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What John Oliver gets wrong in his newspaper rant

Yes, I would read a story about a cat that looks like a raccoon or, for that matter, a raccoon that looks like a cat. When I scroll through a digital newspaper, though, I’m looking for something else: journalism I need to be a well-informed citizen—and, OK, the occasional cat that looks like a raccoon.

By now you may have at least heard about a 19-minute rant by John Oliver on his HBO program Last Week Tonight in which he reminds us of newspapers’ central role in our democracy and laments their demise.

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GateHouse Media New England announces buyouts

Who needs journalists?

Brian McGrory updates staff on Globe restructuring

I’m on the road without my laptop. But my friends at WGBH News have posted a memo I received from a source earlier today in which Boston Globe editor Brian McGrory updated the staff on issues involving downsizing, possible layoffs, and a massive reinvention effort.

The challenge Trump poses to the established media system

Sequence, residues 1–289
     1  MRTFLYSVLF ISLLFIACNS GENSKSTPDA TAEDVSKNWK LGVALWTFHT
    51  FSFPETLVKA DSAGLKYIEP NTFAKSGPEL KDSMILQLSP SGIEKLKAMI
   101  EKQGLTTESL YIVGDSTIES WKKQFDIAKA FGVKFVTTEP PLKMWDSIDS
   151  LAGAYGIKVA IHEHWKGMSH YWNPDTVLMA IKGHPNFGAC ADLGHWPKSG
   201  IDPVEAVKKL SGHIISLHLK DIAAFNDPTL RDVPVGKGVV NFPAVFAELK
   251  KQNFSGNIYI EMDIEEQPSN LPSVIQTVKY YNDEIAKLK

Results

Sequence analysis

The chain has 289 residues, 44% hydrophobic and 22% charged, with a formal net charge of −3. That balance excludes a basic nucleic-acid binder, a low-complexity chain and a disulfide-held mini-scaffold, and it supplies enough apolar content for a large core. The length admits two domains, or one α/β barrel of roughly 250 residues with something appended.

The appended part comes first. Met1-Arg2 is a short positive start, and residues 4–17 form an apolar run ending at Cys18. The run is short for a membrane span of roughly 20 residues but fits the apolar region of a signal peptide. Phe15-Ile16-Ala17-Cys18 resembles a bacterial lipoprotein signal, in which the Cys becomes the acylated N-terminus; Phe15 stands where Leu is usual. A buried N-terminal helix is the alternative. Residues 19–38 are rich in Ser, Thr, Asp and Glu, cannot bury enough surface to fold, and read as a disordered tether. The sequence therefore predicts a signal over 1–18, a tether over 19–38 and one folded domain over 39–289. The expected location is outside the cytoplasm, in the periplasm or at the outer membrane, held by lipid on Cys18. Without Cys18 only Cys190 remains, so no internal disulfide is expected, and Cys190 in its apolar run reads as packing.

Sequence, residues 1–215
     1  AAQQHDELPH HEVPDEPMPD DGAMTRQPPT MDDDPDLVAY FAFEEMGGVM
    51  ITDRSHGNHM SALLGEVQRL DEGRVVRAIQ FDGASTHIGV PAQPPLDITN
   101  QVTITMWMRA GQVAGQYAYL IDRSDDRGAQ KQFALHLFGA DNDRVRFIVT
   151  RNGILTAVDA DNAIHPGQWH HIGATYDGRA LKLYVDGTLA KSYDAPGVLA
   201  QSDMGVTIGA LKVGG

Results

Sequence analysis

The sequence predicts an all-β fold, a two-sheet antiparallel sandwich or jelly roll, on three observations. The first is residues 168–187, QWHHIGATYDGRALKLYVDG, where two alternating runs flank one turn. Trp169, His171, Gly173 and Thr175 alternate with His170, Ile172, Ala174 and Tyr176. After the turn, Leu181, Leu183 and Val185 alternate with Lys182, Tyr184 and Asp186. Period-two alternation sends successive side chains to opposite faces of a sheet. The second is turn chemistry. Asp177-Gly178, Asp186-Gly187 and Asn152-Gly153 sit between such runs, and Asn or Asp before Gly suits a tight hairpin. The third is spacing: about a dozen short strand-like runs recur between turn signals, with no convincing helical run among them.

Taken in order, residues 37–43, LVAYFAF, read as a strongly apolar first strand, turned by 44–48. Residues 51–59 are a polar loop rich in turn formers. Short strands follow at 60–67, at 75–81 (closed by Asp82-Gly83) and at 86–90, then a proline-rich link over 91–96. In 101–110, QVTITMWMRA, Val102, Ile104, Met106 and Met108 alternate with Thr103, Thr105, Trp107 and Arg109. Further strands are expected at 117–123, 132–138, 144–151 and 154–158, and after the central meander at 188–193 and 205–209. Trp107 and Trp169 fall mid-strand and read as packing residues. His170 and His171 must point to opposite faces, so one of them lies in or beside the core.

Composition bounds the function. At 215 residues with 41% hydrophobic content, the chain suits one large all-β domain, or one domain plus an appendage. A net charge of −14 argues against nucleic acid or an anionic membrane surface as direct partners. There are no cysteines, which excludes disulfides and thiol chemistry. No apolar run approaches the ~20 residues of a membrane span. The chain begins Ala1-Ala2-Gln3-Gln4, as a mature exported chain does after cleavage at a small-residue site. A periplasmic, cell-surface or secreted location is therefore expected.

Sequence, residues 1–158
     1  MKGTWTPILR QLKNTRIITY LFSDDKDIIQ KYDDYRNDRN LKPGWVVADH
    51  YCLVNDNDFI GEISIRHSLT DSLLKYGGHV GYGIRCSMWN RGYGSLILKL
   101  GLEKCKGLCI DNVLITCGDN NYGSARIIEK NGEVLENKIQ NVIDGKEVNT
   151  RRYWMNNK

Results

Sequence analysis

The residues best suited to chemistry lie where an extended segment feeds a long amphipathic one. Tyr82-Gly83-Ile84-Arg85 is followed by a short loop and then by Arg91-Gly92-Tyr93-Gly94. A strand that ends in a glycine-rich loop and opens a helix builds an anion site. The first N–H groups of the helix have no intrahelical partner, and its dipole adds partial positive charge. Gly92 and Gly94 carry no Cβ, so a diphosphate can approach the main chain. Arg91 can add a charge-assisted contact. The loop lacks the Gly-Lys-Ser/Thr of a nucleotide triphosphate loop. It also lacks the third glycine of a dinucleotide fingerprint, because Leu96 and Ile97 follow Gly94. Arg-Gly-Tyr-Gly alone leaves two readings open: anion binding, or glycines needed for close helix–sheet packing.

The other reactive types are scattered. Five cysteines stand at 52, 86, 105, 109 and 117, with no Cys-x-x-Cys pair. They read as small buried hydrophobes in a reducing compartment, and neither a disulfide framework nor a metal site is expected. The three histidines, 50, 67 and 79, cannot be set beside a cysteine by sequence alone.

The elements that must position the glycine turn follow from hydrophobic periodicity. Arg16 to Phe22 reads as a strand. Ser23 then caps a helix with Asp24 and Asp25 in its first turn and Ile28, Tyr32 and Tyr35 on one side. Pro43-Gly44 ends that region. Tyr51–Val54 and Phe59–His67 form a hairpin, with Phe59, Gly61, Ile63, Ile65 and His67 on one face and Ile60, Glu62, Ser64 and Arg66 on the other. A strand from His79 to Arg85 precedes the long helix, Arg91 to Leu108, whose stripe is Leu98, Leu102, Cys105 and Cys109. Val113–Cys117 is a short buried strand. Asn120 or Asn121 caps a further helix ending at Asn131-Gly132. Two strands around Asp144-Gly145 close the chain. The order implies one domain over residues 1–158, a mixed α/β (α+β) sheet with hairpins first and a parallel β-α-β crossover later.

maxresdefaultMy first inclination today was to write something about this being a moment that we might look back on as the beginning of the end for the Trump campaign.

Certainly there are plenty of reasons to think that might be the case. From Trump’s mind-bogglingly offensive attack on the Khan family to a powerful pushback from John McCain and other Republicans, from his bizarre comments about Ukraine and Crimea (and the NFL!) to his plummeting poll numbers, this has quite possibly been his worst week.

But rather than belabor the obvious, I’d like to examine the proper role of the news media in covering a campaign like this, which is utterly unique in the post-World War II era—possibly even in the post-Civil War era. Let me start by laying out what I hope the vast majority of you will regard as self-evident truths about the two major-party candidates.